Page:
High Intensity Interval Training or HIIT has become an increasingly popular mode of exercise over the past few years primarily due to its effects on exercise capacity, the small amount of time requirements and its exponential increase of weight loss.
In today’s world people are wanting to get results the fastest way. Would someone rather do 60 to 90 minutes on a treadmill or 30 to 40 minutes of different intervals that burn the same amount of calories if not more and also keep you more engaged throughout. One of the appeals of HIIT training is that it represents a more time efficient way to accomplish the adaptive goals of exercise training.
My first question is what do people really know about high intensity interval training (HIIT)? They know it takes less time to complete, they can lose fat at a faster rate and it’s a little more fun than jogging on a treadmill or riding a stationary bike. So this article is going to dig a little deeper and truly explore what adaptations there are with high intensity interval training. We are going to be looking at 3 physiological adaptations that can happen with consistent and structured HIIT.
1. Fat Oxidation:
Fat Oxidation can be associated with increased mitochondrial (muscle) volume which can be assessed by citrate synthesis activities which improves the potential for muscle to utilize lipids as a substrate for energy, but is also associated with improved insulin sensitivity (the same as intermittent fasting). Improvement of skeletal muscle fatty acid oxidation is a key factor in someone trying to increase fat oxidation during exercise and is also very important for athletes attempting to spare carbohydrates during competition. This statement is acknowledging that through higher intensity workouts your body can use fat as a direct energy source instead of carbohydrates which is a primary energy source for muscles and Glycogen Synthesis.
2. V02 Max and Blood Cholesterol panels
People are very concerned with the changes that they can physically see like added muscle definition and fat loss, but with High Intensity Interval Training we are going to see a lot of acute and chronic changes to the body like an increase in somebody's V02 max or the volume of oxygen their body can supply their muscles during exercise; Up to 13-18% in some studies. We can also see an Increase with HDL (High Density Lipoproteins aka the good cholesterol), Decrease in Triglycerides and Body Fat, etc. We may not be able to see all of the changes that are happening to our bodies, but your body and physicians will compliment and thank you later.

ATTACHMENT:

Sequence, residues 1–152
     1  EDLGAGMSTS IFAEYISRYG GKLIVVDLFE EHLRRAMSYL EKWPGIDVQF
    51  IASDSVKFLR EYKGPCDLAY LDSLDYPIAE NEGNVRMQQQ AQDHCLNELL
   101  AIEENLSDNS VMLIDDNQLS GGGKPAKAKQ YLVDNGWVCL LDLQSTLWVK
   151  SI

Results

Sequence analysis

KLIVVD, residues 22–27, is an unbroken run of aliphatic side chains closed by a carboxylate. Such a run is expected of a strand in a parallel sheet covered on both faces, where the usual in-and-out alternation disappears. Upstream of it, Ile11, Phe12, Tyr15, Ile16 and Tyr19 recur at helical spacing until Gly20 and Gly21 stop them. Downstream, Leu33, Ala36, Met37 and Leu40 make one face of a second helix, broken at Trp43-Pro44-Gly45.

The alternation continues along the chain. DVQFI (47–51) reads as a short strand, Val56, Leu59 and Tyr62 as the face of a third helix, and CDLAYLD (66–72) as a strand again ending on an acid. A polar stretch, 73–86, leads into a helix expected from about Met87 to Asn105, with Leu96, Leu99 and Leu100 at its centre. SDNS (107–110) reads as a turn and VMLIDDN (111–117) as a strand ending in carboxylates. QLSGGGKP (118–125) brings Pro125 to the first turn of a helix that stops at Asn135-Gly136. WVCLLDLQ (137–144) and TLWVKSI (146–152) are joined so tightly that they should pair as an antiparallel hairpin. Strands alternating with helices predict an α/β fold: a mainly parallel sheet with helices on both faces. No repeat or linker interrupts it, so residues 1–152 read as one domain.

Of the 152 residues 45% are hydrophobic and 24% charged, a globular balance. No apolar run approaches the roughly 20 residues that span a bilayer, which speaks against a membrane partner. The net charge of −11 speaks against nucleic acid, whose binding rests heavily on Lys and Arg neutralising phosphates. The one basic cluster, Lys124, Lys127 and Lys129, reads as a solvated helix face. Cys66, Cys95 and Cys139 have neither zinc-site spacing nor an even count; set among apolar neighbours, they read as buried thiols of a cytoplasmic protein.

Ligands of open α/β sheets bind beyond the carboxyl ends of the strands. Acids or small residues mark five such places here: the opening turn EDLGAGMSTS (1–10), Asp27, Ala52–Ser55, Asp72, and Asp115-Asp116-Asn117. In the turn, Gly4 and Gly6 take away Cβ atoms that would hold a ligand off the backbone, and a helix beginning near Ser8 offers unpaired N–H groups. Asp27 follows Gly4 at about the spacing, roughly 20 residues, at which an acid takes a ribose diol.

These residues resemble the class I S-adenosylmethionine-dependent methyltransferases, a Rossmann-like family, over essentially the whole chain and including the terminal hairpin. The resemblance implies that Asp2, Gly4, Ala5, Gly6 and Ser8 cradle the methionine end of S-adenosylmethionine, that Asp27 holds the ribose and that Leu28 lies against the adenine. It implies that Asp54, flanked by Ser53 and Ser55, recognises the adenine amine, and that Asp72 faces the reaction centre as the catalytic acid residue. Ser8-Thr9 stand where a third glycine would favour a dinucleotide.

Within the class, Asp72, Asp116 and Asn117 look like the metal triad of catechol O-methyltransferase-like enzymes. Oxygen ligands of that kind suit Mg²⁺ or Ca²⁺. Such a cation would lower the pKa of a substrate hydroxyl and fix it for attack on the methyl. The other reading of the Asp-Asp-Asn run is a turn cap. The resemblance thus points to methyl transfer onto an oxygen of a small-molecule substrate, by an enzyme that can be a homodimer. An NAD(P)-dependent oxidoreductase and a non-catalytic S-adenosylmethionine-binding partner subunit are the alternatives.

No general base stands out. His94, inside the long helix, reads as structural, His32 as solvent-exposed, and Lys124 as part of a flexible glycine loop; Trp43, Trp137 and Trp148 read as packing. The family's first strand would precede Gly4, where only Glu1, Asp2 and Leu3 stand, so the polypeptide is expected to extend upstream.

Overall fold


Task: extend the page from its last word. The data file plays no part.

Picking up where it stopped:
3. Aerobic and Anaerobic Capacity Changes
Aerobic capacity is the ability of the heart and lungs to get oxygen to the muscles. An example of aerobic capacity is the body's ability to take in and use oxygen to improve aerobic performance. On the other side we have anaerobic capacity which is the total amount of energy from the anaerobic (without oxygen) energy systems, that is the combined amount of output for the ATP, phospho-creatine and lactic acid systems.
As an individual completes a consistent and structured HIIT protocol they should see aerobic and anaerobic changes due to the increase in the body's ability to use oxygen more effectively and efficiently throughout a workout. With High Intensity Interval Training we are combining both forms of aerobic durations and exercises with anaerobic movements like sprinting, strength and plyometric movements, etc.
My last question is How much is too much?
Just like any other mode of exercise your body needs time to recover and rest. During a HIIT session you are working at a much higher energy level; your muscles are going to need time to reabsorb nutrients, recover and make those necessary adaptations to keep you progressing, so how much time do you need? I would say give yourself 24-36 hours of rest or active recovery. This will allow someone to complete 2-3 true HIIT sessions per week which will decrease the chance of injury and increase the productivity and legitimacy of each session. Good luck and lets get after those goals.